Remembering Ernie Pyle

Journalist Ernie PyleErnie Pyle, a hero of ours, was born 117 years ago today on a farm near Dana, Indiana, on August 3, 1900. He’s best remembered today as a war correspondent during World War II. Pyle repeatedly put himself in harm’s way, positioning himself with the troops at the front lines so that he could tell the stories of the common soldiers, sailors and airmen who were fighting the war. His courageous approach to reportage made him beloved by folks back home who were eager to have some sense of what their loved ones were experiencing overseas.

But even before he devoted himself to covering the war, Pyle was a groundbreaking journalist. In the early thirties, he was the most respected writer in the country who covered the aviation beat, and from the mid-’30s through the United States’ entrance into World War II, he traveled the country’s back roads and byways, writing a syndicated column for Scripps-Howard about the people he met while traveling and the things he saw.

Here’s a story we wrote for the Guideposts magazine website about Pyle’s life and career.

Happy birthday, Ernie, wherever you may be…

Ernie Pyle (with goggles) converses with a tank crew from the 191st Tank Battalion, US Army at the Anzio Beachhead in 1944

A Flower for Ernie Pyle

A colleague of ours went to Hawaii last week, with a few days spent on Oahu. We told her about the late, great Ernie Pyle, a journalist we admire greatly (for both his reporting during World War II and his travel writing of the 1930s, when he drove the byways of the USA and wrote about he found there), and asked her to snap a picture of his final resting place, if she should happen to visit the National Memorial Cemetery of the Pacific (also known as the Punchbowl Cemetery).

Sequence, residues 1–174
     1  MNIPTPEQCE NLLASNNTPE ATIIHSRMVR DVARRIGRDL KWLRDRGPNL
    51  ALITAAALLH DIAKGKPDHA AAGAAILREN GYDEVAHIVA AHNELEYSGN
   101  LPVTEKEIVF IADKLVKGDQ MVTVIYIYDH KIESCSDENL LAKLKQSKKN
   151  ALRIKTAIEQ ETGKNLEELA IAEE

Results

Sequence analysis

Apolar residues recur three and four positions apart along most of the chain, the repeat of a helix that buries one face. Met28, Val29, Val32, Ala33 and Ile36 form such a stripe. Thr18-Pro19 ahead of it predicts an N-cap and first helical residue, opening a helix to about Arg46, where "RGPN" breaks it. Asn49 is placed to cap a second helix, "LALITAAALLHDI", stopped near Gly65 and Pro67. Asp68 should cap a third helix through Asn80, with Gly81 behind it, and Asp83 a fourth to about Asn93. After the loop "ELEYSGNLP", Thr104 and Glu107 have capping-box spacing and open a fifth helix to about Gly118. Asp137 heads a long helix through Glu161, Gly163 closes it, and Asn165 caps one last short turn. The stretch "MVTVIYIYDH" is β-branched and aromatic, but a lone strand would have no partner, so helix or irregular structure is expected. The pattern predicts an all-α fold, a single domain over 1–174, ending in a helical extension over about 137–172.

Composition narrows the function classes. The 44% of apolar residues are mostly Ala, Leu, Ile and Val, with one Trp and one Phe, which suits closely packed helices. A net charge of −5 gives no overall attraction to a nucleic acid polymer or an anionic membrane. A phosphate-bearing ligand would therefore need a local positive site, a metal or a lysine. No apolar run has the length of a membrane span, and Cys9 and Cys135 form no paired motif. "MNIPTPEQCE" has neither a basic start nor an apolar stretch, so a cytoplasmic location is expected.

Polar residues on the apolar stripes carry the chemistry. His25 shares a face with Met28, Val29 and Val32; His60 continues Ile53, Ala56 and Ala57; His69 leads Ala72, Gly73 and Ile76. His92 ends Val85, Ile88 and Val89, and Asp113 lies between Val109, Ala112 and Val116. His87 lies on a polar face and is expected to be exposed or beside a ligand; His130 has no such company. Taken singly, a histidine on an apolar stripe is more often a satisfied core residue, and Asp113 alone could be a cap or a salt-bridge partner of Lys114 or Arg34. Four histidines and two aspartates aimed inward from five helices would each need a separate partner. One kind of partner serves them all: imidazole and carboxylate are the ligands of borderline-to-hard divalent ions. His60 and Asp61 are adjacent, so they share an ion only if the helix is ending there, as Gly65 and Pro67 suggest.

To be honest, we didn’t think it very likely she’d be visiting the Punchbowl, but we figured, what the heck—can’t hurt to ask. We visited the Punchball in the early ’80s, when our family spent some time on Oahu, but we didn’t know much about Pyle at the time, and so didn’t seek out his grave.

Bless her heart, our colleague made a special trip to the Punchbowl and left a flower for Ernie on our behalf. We’re very touched by the gesture.

Ernie Pyle's grave marker